By Dr. Bob McCauley
My health philosophy includes making sure you have a tremendous variety of fruits and vegetables. If it’s not possible to eat right because of a busy schedule or you’re traveling, then turn to the convenience of a simple capsule full of high quality superfoods.
I put together an incredible Superfood BLEND of 42 fruits and vegetables (1500 ORAC) in capsule form for your convenience. Two capsules per day and get the nutritional benefits of 42 different fruits and vegetables and the antioxidant value is high.
Ingredients: Blueberry, Cranberry, Grapeseed, Strawberry, Raspberry, Pomegranate,
Bilberry, Alfalfa, Carrot, Beet, Broccoli, Acai, Chokeberry, Apple, Apple Pectin, Maqui, Grape Skin, Black Cherry, Tomato, Barley, Celery, Chlorella, Black Currant, Artichoke, Mango, Pineapple, Spirulina, Dandelion, Wheat Grass, Green Tea, Milk Thistle, Siberian Ginseng, Ashitaba, Bing Cherry, Elderberry, Goji, Grapefruit, Mangosteen, Spinach, Tart Cherry, Papaya.
The ORAC for Dr. Bob’s 42 Blend is 1500 (ORAC = Oxygen Radical Absorbance Capacity, or antioxidant potential).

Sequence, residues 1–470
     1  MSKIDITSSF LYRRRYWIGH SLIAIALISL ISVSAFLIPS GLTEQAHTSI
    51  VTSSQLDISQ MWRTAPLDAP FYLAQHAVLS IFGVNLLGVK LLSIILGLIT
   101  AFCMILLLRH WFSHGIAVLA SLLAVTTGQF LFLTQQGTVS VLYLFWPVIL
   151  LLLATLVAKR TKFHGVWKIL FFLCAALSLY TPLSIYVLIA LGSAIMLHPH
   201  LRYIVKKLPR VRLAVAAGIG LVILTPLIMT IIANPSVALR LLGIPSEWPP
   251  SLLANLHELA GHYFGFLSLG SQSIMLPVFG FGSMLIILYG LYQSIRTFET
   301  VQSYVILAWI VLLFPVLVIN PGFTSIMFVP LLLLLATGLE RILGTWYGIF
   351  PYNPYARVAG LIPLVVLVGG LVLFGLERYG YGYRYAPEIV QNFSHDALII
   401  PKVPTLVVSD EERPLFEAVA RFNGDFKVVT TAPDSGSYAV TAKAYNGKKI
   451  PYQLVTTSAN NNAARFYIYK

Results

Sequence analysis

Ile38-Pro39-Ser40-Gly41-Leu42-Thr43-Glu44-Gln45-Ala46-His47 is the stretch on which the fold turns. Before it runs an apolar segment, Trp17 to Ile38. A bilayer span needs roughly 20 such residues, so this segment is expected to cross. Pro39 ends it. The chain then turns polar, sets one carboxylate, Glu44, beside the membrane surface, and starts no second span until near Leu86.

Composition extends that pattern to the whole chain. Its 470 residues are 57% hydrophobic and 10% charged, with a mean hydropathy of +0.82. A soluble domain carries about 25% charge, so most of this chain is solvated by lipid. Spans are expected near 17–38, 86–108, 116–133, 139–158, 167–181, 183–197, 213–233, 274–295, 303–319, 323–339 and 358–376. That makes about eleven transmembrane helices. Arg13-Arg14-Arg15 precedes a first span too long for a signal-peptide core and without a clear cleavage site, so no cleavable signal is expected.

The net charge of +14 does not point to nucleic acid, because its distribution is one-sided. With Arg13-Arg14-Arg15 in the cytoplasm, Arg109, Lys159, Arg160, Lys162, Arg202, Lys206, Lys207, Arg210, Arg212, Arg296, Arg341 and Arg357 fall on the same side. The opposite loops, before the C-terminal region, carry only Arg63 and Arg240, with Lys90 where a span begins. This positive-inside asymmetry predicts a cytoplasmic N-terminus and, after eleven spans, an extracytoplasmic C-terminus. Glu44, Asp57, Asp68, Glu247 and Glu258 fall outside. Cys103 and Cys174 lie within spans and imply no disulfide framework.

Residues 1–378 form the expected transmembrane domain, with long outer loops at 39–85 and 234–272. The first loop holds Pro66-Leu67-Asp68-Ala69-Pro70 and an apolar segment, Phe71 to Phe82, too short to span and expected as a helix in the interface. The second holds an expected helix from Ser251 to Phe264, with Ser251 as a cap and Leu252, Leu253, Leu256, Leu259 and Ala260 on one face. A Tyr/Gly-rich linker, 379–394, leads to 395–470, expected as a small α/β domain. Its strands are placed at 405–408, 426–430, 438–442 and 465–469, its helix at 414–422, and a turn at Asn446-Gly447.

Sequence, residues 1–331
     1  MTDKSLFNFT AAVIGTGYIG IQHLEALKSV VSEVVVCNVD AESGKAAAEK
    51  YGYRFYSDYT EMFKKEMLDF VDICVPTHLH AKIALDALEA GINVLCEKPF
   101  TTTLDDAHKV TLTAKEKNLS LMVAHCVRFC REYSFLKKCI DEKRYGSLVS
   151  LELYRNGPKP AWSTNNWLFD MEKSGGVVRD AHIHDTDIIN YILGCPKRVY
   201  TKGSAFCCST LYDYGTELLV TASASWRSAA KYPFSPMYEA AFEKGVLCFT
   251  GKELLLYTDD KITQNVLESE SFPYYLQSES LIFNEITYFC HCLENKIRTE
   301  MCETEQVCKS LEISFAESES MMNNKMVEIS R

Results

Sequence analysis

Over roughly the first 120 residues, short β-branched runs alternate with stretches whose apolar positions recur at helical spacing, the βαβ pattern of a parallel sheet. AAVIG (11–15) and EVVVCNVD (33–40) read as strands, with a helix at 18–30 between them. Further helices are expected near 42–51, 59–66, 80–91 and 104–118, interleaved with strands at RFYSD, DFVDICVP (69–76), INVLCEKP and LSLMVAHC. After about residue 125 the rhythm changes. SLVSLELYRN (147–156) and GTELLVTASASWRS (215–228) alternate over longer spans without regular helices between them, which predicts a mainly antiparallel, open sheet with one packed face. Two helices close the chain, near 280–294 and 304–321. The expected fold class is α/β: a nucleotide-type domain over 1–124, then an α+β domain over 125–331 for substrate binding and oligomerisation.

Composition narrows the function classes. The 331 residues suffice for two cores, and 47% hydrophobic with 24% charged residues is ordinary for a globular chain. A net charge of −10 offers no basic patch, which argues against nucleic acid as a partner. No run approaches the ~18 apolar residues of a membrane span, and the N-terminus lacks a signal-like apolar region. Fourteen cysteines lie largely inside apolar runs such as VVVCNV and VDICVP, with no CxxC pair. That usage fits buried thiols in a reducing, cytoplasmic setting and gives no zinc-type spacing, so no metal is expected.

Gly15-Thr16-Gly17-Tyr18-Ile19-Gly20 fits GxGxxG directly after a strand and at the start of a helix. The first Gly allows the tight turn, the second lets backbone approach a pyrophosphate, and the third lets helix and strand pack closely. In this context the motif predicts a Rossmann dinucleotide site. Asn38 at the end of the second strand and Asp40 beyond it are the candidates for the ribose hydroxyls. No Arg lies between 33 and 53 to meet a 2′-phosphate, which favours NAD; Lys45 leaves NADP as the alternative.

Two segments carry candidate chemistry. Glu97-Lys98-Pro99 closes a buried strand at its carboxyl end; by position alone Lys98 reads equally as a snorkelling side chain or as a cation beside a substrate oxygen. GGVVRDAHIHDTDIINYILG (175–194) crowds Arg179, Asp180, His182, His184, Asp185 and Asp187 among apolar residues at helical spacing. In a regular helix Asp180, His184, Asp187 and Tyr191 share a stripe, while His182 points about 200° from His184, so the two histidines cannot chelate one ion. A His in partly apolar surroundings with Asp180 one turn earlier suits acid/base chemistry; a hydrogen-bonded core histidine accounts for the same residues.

A 2007 study performed by John Hopkins Bloomberg School of Public Health Report made it clear that most people do not eat anywhere enough Fruits and Vegetables:
According to U.S. Department of Agriculture (USDA) guidelines, Americans should consume at least two servings of fruit and three servings of vegetables each day as part of a healthy diet. Researchers from the Johns Hopkins Bloomberg School of Public Health report that Americans are not meeting these minimum levels. John Hopkins 2007 Report
During the 1999 to 2002 study period, 28 percent and 32 percent of U.S. adults met USDA guidelines for fruits and vegetables, respectively. John Hopkins 2007 Report
Approximately 62 percent did not consume any whole fruit servings, and 75 percent did not consume fruit juice. One-quarter of the study participants reported eating no vegetables. Comparing the two sets of data, there was a small decrease—from 35 percent in 1988 to 1994 to 32 percent in 1999 to 2002—in the percentage of the study group who met the daily vegetable recommendation. John Hopkins 2007 Report